These apertures will eventually be lined out with some nice reclaimed teak I have, but for the moment all I need is the basic frame to give the foam sprayers a boundary within which to keep their foam. The remaining portholes all have their own unique positioning so each frame will need to be custom made – no scope for mass production unfortunately!
Another job to be completed before the Great Foaming is to install some cable conduits down each side, through which I will run internal lighting cables as well as cables for nav lights and VHF aerials to go to the coachroof and masts respectively. I have now completed one side, and have the other side to complete next time.
Finally in the last couple of days of my leave I received a large timber delivery from Robbins (ironically in Bristol, but £700 to deliver to Kilmelford!). This included 1″ ply for the doghouse sides and front, and also for the cockpit coamings, some lining ply for the cabin sides, and various other loads of soft- and hardwoods for fitting out the interior. The next jobs on the agenda (once the preps for insulation are complete) will be:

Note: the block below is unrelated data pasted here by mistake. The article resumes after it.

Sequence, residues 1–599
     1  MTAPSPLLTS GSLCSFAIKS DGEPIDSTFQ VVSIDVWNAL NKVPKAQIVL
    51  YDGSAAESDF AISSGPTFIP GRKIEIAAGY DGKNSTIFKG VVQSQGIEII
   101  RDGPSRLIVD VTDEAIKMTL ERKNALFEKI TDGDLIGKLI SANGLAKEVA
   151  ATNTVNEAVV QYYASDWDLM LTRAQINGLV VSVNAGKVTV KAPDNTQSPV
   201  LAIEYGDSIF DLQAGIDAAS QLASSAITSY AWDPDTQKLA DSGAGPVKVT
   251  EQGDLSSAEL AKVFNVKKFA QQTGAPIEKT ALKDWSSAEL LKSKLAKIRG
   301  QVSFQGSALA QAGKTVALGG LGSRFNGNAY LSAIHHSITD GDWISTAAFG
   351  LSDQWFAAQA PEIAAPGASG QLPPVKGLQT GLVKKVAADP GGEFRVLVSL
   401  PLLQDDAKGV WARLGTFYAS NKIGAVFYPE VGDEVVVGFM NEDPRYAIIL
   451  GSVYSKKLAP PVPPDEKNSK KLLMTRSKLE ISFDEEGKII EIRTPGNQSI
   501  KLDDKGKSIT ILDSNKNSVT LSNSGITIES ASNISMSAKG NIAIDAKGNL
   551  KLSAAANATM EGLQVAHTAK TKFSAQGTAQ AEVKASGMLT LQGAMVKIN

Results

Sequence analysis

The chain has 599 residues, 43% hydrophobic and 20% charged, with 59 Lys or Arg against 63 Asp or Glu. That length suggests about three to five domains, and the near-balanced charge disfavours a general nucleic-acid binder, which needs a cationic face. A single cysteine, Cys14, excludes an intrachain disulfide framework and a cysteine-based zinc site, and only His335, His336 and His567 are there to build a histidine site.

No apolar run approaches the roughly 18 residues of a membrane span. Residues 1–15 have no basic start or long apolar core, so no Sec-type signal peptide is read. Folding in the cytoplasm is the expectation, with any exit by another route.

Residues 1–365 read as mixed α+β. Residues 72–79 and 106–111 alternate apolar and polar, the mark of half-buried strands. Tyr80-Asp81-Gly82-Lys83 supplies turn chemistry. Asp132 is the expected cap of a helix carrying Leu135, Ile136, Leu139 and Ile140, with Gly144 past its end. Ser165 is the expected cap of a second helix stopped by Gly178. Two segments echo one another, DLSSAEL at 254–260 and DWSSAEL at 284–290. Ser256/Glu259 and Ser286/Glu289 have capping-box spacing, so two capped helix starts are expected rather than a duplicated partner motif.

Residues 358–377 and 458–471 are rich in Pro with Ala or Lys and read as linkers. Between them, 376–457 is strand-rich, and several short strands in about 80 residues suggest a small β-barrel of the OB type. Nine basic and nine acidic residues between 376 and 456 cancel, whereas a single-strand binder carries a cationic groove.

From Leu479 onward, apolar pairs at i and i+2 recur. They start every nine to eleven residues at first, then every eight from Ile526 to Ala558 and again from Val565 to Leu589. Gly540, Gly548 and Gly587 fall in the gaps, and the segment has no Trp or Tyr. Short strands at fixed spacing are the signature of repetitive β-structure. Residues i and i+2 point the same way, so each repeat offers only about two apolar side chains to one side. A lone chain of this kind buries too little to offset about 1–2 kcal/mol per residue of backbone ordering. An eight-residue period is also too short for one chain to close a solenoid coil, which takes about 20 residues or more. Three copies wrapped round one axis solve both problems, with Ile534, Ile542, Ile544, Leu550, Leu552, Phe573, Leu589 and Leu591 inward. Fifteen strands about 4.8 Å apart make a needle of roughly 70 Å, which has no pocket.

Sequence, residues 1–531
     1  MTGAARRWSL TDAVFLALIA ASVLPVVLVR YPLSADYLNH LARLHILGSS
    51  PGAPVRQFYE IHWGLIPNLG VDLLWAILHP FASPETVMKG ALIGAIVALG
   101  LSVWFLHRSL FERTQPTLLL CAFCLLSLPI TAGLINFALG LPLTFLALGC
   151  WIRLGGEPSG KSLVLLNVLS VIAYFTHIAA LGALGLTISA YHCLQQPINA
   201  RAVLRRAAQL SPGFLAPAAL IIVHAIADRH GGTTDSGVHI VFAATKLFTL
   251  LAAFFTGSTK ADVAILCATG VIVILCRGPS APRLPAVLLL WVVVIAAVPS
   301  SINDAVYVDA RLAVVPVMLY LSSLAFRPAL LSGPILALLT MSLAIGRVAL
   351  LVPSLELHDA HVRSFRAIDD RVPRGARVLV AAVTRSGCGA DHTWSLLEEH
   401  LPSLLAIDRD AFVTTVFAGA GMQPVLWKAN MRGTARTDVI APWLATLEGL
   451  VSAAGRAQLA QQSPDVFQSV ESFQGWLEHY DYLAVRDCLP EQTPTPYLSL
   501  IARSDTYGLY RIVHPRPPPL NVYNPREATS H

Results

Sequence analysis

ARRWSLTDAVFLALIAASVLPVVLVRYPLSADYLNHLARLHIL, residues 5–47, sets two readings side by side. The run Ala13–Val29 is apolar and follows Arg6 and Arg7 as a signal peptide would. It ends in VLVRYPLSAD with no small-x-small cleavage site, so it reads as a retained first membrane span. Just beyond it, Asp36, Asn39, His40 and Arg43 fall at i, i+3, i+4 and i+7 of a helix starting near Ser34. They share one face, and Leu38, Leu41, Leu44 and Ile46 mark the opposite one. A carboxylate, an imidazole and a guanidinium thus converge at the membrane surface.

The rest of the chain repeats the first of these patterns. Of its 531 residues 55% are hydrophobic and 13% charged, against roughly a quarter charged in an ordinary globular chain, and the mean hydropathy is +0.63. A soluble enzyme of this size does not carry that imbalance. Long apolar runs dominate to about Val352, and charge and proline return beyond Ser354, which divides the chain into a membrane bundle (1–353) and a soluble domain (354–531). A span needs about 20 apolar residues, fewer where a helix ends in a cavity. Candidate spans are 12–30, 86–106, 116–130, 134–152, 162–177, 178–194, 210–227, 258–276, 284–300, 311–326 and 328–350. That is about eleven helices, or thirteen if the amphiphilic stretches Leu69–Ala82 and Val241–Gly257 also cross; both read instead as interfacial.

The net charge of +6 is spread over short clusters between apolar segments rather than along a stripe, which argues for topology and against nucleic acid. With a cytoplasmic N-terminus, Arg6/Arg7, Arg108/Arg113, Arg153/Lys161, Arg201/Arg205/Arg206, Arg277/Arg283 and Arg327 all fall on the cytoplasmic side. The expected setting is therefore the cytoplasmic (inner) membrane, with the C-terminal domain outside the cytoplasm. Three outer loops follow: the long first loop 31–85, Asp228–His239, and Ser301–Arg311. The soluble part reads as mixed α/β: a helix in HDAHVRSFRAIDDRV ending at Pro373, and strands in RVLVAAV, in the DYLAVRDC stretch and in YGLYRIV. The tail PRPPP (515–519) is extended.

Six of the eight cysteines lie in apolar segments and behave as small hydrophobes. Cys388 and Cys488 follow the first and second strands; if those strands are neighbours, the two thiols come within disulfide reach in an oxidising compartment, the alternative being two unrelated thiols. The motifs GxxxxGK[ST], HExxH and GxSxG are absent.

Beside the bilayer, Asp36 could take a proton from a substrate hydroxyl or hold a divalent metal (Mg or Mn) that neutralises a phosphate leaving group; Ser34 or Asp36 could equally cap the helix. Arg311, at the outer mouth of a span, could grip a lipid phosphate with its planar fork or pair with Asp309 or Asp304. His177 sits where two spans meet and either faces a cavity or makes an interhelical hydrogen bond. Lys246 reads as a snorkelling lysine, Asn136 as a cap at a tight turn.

- Devising and fitting the sole-bearer structures in the forecabin, heads and saloon, for which I will be using some leftover reclaimed Oak and some new Douglas Fir;
- Cutting and fitting the doghouse sides, front and aft faces;
- Fitting the second layer of ply to the cockpit deck and sheathing with glass and epoxy, prior to…
- Constructing the cockpit coamings.
I also now have the material for lining the lower part of the hull sides (i.e. lockers and out-of sight areas), and have ordered some Scottish larch TGV lining for the visible parts of the hull sides. I also am expecting imminent delivery of a new bandsaw and sanding machine in readiness for nice joinery, and will soon need to acquire a planer / thicknesser to treat my reclaimed teak planks, amongst other tasks.
Finally finally, some big news: I have secured the purchase of a used but really good solid timber mainmast. It is about 40cm shorter than I need, but otherwise pretty perfect with some adjustments. It just remains to decide on a foremast, but I am seriously considering a hybrid (aluminium tube lower part with timber “topmast”) in order to keep weight to a minimum in the fore part of the boat. More on this, no doubt, in later posts.